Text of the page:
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Writing professors push for ‘labor-based grading’ and de-emphasis on writing errors

Two St. Olaf College scholars argue approach ‘prioritizes students’ process and growth instead of a single standard of writing’

Two writing professors at St. Olaf College are calling on their faculty peers and campus writing tutors to prioritize what they call “labor-based grading,” which puts a de-emphasis on calling out and correcting traditional writing errors.

“This approach to responding to student writing prioritizes students’ process and growth instead of a single standard of writing,” stated writing professors Bridget Draxler and Diane LeBlanc in an article on the college’s website.

Such a method, the two argued, would “decenter white, upper-middle class educational and social experiences” and help students feel more confident and accepted.

Draxler is associate director of writing, speaking and academic support and an assistant professor of writing at the Minnesota-based private college, and LeBlanc is director of its writing program. Neither responded to requests for comment from The College Fix.

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Their call for new grading tactics is a result of a multi-year research project. They looked at two writing courses at St. Olaf that serve students “from underrepresented groups, including recent immigrants, refugees, first-generation and low-income students, and students from racial and linguistic minority communities,” according to the article on their project.

To develop their assessment, the professors had examined three types of data: academic records, student interviews and faculty workshops.

They stated that their research found that “the kind of writing instruction and evaluation students receive powerfully shapes their sense of belonging at the college.” With that, the two writing professors called for kinder, gentler grading tactics.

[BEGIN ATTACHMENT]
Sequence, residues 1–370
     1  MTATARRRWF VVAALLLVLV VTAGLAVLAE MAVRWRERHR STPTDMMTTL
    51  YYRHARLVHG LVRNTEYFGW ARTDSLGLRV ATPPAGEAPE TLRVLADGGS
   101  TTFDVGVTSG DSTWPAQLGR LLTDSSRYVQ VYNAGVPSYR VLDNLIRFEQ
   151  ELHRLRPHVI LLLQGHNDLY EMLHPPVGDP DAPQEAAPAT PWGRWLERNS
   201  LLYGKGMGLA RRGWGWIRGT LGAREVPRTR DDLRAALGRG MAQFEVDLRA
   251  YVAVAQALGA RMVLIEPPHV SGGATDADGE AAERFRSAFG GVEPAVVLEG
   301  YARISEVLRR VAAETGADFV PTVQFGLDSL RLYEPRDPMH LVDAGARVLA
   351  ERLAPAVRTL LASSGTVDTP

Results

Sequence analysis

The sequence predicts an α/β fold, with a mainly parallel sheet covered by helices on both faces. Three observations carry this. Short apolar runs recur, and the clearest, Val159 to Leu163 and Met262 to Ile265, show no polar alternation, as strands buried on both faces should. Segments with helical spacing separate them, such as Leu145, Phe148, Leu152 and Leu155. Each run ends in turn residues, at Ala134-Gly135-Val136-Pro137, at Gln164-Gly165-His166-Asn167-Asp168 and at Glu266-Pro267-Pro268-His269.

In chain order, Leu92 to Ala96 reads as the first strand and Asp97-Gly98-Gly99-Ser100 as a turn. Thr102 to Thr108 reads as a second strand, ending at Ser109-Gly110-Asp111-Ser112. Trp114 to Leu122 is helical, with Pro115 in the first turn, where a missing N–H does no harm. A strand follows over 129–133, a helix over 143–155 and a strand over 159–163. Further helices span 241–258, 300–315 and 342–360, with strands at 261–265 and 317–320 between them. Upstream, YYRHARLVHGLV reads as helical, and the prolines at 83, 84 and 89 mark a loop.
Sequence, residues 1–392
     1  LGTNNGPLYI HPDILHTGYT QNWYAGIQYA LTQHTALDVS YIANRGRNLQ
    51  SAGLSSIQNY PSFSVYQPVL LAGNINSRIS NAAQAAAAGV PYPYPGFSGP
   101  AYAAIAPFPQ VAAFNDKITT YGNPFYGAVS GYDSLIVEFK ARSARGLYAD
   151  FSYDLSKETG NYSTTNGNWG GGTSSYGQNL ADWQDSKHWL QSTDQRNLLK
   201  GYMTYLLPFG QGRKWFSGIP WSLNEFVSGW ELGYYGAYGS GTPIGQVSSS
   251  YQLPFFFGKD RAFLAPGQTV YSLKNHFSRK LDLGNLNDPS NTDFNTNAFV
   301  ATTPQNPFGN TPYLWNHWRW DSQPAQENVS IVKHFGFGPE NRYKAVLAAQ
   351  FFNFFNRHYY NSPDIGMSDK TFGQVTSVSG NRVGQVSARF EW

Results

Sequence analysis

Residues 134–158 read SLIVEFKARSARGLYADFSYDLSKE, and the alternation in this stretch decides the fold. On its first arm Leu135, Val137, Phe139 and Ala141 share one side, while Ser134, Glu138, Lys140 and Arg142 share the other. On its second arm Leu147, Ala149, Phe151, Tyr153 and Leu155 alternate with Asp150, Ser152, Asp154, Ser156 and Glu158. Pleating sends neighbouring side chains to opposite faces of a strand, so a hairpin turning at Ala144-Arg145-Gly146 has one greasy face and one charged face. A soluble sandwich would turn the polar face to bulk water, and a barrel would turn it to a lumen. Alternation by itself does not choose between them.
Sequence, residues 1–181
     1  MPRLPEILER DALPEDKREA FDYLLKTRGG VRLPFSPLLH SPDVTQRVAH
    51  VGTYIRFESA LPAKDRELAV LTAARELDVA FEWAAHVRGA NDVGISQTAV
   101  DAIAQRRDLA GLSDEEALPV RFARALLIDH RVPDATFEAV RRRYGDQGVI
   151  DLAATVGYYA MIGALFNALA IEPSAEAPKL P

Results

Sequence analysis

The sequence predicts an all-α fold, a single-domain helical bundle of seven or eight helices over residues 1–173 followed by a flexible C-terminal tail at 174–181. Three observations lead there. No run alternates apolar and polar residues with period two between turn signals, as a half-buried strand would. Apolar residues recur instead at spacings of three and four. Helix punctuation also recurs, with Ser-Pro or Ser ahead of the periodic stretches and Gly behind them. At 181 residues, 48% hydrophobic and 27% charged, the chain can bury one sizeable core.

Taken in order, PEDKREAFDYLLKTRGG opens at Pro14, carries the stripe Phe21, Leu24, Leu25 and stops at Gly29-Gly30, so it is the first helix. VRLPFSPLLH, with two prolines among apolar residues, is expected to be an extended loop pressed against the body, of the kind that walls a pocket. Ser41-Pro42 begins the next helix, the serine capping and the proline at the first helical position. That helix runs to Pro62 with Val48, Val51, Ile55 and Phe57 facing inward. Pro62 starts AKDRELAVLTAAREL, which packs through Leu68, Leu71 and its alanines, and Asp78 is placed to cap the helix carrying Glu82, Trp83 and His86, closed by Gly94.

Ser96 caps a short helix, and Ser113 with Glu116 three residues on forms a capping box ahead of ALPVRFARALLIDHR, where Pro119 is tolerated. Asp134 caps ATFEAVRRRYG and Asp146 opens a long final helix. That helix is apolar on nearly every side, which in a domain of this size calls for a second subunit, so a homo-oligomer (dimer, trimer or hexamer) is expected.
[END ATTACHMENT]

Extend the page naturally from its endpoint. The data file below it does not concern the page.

“Our ability as professors to teach rhetorically rather than prescriptively — that is, to see writing not as simplistically right or wrong, but as attuned to the interconnected forces of writer, reader, topic, and context — allows us to more inclusively affirm and welcome the voices of all our students into the scholarly conversation,” Draxler and LeBlanc stated in the article.

“We are heartened by the ways in which our colleagues are thoughtfully questioning feedback and grades that over-emphasize errors and affirming writing that represents students’ diverse identities, experiences, and voices,” they added.

“At the same time, students feel ongoing pressure to meet writing standards defined by a dominant language and culture. We hope that our project results continue to inform assignments, feedback, and future assessment to reflect a more inclusive understanding of whose writing is valued in our community.”

Draxler and LeBlanc stated they will push for greater inclusivity within the writing program:

“We plan to draw from our research to create opportunities where faculty and writing tutors can assess their own bias and learn to respond to variations in student writing and language in Writing and Rhetoric and First-Year Seminar, the two new First-Year Experience courses.”

The project is part of a larger St. Olaf initiative promoting inclusivity.

The initiative, called “To Include is to Excel,” awards grant money to various professor-led research projects designed to “enhance faculty expertise and seed curricular and pedagogical excellence,” according to the grant proposal.

“To Include is To Excel is a four–year, $800,000 initiative funded by the Andrew W. Mellon Foundation that stimulates faculty development and supports curricular transformation to serve new generations of students. […] We envision all students pursuing excellence and encourage all to develop their own sense of mission in a world that desperately needs their talents. Such a vision calls us to transform our approaches to teaching in dialog with our students and each other,” the initiative’s website states.

“Supporting Diverse Writers” was among the first wave of grant recipients in 2018. Today, there are more than 50 To Include is to Excel projects, according to the college.

Other noteworthy projects include “Decolonizing Collection, Exhibitions, and Curriculum,” “Engaging Introverts in the Musical Classroom,” and “Race Matters.”

The small liberal arts college made national headlines in 2017 for a scandal involving a hate-crime hoax.

MORE: University lowers traditional language standards for Black Lives Matter contest

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Grace Bureau -- Gustavus Adolphus College